JTWC Summary: TROPICAL CYCLONE 06S (BERGUITTA), LOCATED APPROXIMATELY 144 NM EAST-NORTHEAST OF PORT LOUIS, MAURITIUS, HAS TRACKED SOUTHWESTWARD AT 06 KNOTS OVER THE PAST SIX HOURS.RECENT ANIMATED MULTISPECTRAL SATELLITE IMAGERY SHOWS A SHIELD OF RELATIVELY DISORGANIZED DEEP CONVECTION PERSISTING OVER A LOW-LEVEL CIRCULATION CENTER EVIDENT IN A 171715Z METOP-B ASCAT PASS AND A 1758Z METOP-A ASCAT PASS.THE CURRENT POSITION IS BASED ON THESE ASCAT PASSES, WITH HIGH CONFIDENCE.THE INTENSITY OF 65 KNOTS IS CONSISTENT WITH RECENT MULTI-AGENCY DVORAK AND AUTOMATED SATELLITE INTENSITY CONSENSUS …
Tropical Cyclone BERGUITTA continued moving south-west over the Indian Ocean. On 17 January at 0.00 UTC its centre was located 360 km north-east of Mauritius island and it had maximum sustained winds speed of 148 km/h.
Nairobi/Geneva, 16 January 2018—Mauritius and La Réunion are on high alert as Tropical Cyclone Berguitta moves towards southern Indian Ocean this week. Red Cross disaster response teams are readying response plans in anticipation of the cyclone’s landfall.
• Tropical Cyclone Berguitta is strengthening and moving south-west towards Mauritius.
• The system could reach Mauritius on 17 January and cause heavy rain and strong winds.
• On Rodrigues Island, more than 40 people were evacuated following a strong tropical storm.
Tropical Cyclone Berguitta is strengthening in the southern Indian Ocean and moving south-west. On 15 January, its centre was located north of Rodrigues Island, in Mauritius.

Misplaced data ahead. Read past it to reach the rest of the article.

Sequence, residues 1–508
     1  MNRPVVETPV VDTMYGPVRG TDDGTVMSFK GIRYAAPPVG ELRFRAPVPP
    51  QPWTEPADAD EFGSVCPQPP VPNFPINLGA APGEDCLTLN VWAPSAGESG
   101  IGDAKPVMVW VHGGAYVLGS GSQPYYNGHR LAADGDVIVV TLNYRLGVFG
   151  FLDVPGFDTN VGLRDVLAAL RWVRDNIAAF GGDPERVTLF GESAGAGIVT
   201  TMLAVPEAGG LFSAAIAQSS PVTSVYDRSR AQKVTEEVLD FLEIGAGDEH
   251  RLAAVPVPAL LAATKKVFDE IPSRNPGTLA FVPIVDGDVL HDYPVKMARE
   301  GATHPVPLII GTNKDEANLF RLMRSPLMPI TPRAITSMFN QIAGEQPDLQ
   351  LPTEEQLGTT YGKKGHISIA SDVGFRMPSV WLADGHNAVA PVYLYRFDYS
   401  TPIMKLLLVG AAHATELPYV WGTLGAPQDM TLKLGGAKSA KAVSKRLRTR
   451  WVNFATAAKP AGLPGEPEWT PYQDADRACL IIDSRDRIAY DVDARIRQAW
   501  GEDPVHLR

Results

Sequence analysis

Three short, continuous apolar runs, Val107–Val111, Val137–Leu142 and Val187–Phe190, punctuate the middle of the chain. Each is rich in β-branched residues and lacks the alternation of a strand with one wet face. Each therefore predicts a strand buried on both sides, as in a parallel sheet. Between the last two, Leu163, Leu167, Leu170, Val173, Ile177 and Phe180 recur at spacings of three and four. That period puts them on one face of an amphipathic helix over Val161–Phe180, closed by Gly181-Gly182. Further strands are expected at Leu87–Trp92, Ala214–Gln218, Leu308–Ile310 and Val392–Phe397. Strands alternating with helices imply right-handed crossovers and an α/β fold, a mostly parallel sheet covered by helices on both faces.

A new Tropical Cyclone named BERGUITTA formed over the Indian Ocean and started moving south-west, strengthening. On 15 January at 0.00 UTC its centre was located 200 km north of Rodrigues island (Mauritius) and it had maximum sustained winds speed of 120 km/h.
Over the next 24 hours it is forecast to continue moving south-west toward Mauritius island strengthening and it might pass over or north of Mauritius on 17 January afternoon/evening UTC with maximum sustained winds of approximately 180 km/h (equivalent to a Category 3 in the Saffir-Simpson Scale).
The ECDC Communicable Disease Threats Report (CDTR) is a weekly bulletin for epidemiologists and health professionals on active public health threats. This issue covers the period 31 December 2017-6 January 2018 and includes updates on hepatitis A, influenza, MERS, poliomyelitis and salomnellosis.